the options here, you can even set ownership to a door (i.e if someone sees you open it 
    and you don't own it, you could be attacked). You can set lock level and trap as well as 
    a key which you can create in the object window under Misc Items. For now just click the 
    teleport check box. Select Seyda Neen (-2,-9) from the box. Click the "Select Marker" button. 
    Now don't touch anything yet. Use shift & the mouse to get an overhead view. Keep in 
    mind that the button you clicked to get here will select the object automaticaly. This 
    way when you look for it, you can rotate around it. When it is in view, zoom far back 
    while still keeping it in view. Move the pink arrow, which is the location where the door 
    will put you, to the center of Seyda Neen. You may need to bring it up with the mouse & Z, 
    and then drop it with F. Zoom in on the arrow then. From the door section of the Object 
    menu, bring in "In_De_Shack_Trapdoor".  Drop it behind the arrow as shown...
    Use Z and the mouse to lower it just a bit more so the bottom sinks just a bit into the ground. 
    Double-Click on it. Click Teleport.  Select A_TEST. Get the idea? Click Select Marker. Bring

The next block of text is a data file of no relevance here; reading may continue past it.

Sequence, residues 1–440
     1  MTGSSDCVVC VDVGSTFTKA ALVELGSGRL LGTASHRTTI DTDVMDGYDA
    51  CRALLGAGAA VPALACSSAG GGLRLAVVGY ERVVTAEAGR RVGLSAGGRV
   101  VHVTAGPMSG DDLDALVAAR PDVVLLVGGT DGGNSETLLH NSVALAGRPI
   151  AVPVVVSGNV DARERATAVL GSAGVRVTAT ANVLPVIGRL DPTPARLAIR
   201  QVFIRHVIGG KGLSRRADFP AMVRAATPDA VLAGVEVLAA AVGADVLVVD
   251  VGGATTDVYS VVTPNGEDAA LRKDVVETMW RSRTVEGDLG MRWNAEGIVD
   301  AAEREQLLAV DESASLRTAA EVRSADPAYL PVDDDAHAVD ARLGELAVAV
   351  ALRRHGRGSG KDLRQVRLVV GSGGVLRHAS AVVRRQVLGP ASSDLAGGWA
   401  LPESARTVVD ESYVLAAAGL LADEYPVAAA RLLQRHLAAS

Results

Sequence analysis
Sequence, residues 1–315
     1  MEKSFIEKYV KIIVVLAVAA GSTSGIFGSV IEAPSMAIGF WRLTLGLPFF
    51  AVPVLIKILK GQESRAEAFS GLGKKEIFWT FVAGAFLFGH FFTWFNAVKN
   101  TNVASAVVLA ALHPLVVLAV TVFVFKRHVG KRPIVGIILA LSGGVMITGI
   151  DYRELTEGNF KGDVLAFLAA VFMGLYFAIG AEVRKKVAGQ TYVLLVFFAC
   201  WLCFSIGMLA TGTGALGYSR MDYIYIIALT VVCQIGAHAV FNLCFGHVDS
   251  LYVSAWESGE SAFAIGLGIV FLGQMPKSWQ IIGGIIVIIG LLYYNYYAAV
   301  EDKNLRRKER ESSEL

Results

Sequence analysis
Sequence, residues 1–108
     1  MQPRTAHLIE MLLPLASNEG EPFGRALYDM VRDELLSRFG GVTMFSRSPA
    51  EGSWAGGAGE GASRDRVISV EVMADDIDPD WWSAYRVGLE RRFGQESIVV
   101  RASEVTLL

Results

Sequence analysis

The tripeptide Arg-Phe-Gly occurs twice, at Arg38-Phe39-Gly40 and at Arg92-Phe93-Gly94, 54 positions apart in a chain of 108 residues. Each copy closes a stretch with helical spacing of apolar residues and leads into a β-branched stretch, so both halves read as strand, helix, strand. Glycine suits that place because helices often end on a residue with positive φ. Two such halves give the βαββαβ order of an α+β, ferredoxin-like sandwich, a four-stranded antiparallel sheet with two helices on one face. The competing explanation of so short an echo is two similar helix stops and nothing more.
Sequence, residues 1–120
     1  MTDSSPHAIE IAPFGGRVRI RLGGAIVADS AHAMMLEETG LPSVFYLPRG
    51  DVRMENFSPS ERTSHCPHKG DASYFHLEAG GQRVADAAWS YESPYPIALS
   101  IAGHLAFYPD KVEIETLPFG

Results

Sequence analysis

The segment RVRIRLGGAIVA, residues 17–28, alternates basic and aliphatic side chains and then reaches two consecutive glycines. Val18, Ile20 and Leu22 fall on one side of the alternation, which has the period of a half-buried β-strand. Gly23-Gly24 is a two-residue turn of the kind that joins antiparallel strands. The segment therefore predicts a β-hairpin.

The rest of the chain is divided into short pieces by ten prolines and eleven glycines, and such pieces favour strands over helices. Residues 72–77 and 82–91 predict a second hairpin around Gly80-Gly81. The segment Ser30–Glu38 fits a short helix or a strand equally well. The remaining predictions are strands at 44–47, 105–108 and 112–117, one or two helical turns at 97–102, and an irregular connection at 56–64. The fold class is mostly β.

the marker up with Z. Since there is not much room in the closet, put the arrow facing away 
    from the closet into the room like so...
     _ _ _
    |     |_
    |   <=|_|
    |_ _ _|
    Did you find it a little annoying to find the arrow in Seyda Neen? Get used to it. When linking 
    to towns, the arrows tend to place themselves clipping buildings, so it might take a while to 
    move or find. Need some hints?
    1) Large rooms = more space to put arrows.
    2) When building start from the lowest level.
    3) To rearrange the angles of trapdoors and such, use right-click-hold and X or Z.
    4) You'll never find anything out if you don't experiment. Create a ESP file for that purpose. 
    5) Never save a game that you used to test a mod. It may result in wierd errors. 
    6) You can add a mod when playing through the game, just be careful when omitting a mod 
    from a saved game. You may encounter duplicate NPC's or worse...monsters.
    Did you find this FAQ helpful? Anything you were confused on? 
    Should I add something that you found?
    Comments & suggestions go to deww@optonline.net
    Thanks to:
    	For giving me some ideas on future mods.
    Shameless Plugs:
    Check out my first released mod "Home" on Morrowind Summit